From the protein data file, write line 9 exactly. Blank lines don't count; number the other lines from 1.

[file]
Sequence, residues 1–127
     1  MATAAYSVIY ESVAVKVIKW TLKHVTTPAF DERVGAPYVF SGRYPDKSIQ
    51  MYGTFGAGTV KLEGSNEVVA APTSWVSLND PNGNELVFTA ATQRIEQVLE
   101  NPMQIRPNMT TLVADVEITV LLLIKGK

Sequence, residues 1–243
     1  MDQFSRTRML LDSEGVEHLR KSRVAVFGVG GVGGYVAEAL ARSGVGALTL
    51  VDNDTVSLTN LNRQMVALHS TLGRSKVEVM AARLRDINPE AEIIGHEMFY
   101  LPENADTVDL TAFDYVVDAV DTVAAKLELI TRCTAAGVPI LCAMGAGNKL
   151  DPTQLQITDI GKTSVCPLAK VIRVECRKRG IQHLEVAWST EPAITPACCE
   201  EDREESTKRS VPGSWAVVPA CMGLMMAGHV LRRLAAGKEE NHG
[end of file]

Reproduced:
   151  DPTQLQITDI GKTSVCPLAK VIRVECRKRG IQHLEVAWST EPAITPACCE